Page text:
Emergencies happen, entire platforms go down, but the business process must go on! Right? This recent DCK story says it best: “The Year in Downtime: The Top 10 Outages of 2013.” We’ve seen all sorts of issues happen with both cloud and private environments.
It’s important to create an environment capable of supporting business continuity needs. This means understanding the fact that the cloud can and will potentially go down. For example, in a recent major cloud outage, a simple SSL certificate was allowed to expire. This then created a global, cascading failure taking down numerous vital public cloud components. Who was the provider? Microsoft Azure. Over the past few years, organizations found it challenging to enter the DR and even business continuity conversation.
First thing’s first: it’s important to understand that disaster recovery and business continuity are two different business objectives. However, they can certainly overlap. Even today there is still some confusion about what the cloud can really deliver. It’s not so much how the cloud works, but more so around DR capabilities.
Whether you’re a small shop or a large enterprise, if you have haven’t look at the cloud as a DR or business continuity option, it’s time that you do. Already, organizations of all sizes are looking at ways to expand their platform – intelligently – into the cloud. The idea is to create a powerful, pay-as-you-go, recovery solution. For example, Bluelock already has some pretty powerful recovery-as-a-service (RaaS) options. Bluelock’s Recovery-as-a-Service (RaaS) solutions enable organizations to recover their IT resources efficiently and effectively when an adverse situation strikes, protecting you from loss of revenue, data, or reputation. The idea is to create a solution by combining the benefits of a multi-tenant cloud with the latest recovery technology to get a highly reliable, testable and enterprise-grade recovery solution at a compelling price point.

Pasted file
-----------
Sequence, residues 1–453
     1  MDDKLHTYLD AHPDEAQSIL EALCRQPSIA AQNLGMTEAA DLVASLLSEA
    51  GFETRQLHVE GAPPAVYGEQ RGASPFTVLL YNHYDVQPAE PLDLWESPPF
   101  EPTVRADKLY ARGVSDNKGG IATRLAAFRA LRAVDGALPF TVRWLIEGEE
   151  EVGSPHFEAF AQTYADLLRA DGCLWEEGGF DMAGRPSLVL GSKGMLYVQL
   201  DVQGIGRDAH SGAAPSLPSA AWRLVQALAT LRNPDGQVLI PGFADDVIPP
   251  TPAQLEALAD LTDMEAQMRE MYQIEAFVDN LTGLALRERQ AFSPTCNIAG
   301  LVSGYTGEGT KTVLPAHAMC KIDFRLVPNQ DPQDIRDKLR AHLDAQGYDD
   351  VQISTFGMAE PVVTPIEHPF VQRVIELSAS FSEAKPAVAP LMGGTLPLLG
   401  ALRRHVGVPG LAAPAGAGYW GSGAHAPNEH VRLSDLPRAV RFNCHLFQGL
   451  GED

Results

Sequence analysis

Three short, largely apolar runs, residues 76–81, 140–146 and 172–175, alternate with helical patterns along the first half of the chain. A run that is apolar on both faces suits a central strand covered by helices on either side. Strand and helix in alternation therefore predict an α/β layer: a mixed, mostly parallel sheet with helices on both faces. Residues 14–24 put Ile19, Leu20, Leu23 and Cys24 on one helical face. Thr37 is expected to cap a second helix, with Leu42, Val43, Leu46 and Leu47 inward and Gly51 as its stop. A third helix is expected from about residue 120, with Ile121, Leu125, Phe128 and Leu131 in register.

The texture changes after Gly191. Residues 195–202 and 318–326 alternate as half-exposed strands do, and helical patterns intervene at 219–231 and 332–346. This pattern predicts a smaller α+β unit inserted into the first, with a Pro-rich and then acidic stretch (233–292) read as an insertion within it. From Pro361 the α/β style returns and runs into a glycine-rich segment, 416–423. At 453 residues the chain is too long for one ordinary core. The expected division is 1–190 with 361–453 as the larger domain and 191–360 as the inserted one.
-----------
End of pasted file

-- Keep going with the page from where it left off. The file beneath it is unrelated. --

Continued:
That said, there are specific cloud technologies which have become driving factors for better business IT redundancy. Before we get into the execution part of a DRBC strategy, it’s important to look at the solutions that help make it all happen.
- Cloud-based traffic management. This is all about global traffic management (GTM) and global server load balancing (GSLB). Our ability to logically control traffic over vast distances has allowed the cloud to become a true hub for many different kinds of DR strategies.
- Software-defined everything! We now have hardware abstraction at its greatest. Let’s face it, working with today’s modern networking controllers is pretty nice. We can now create thousands of virtual connection points from one physical switch port. Plus, we’re able to control layer 4-7 traffic at a much more granular level. Furthermore, solutions around storage, compute and security can further create powerful cloud resiliency models.
- Virtualization and automation. Working with agile technologies like virtualization allows the sharing, replication, and backup of various kinds of images and workloads. These images can then span global data centers depending on the needs of the organization. Couple that with automation technologies and you can now span your platform from one infrastructure to another very seamlessly. Plus, you can better control resources which span numerous nodes.
- New types of storage and hardware intelligence. Cloud-based storage solutions have come a long way. Whether we’re working with an open-source cloud storage platform or something more traditional like an EMC or NetApp, our ability to control storage is pretty advanced. Data deduplication, controller multi-tenancy, and fast site-to-site replication make cloud storage systems a powerful part of the DR process. Hardware solutions aside, the logical layer of storage is pretty powerful as well. Software-defined storage completely abstracts physical components and allows for VMs, data points and other infrastructure resources to scale very dynamically.
Now, let’s look at some ways that DRBC can really happen in the modern enterprise.
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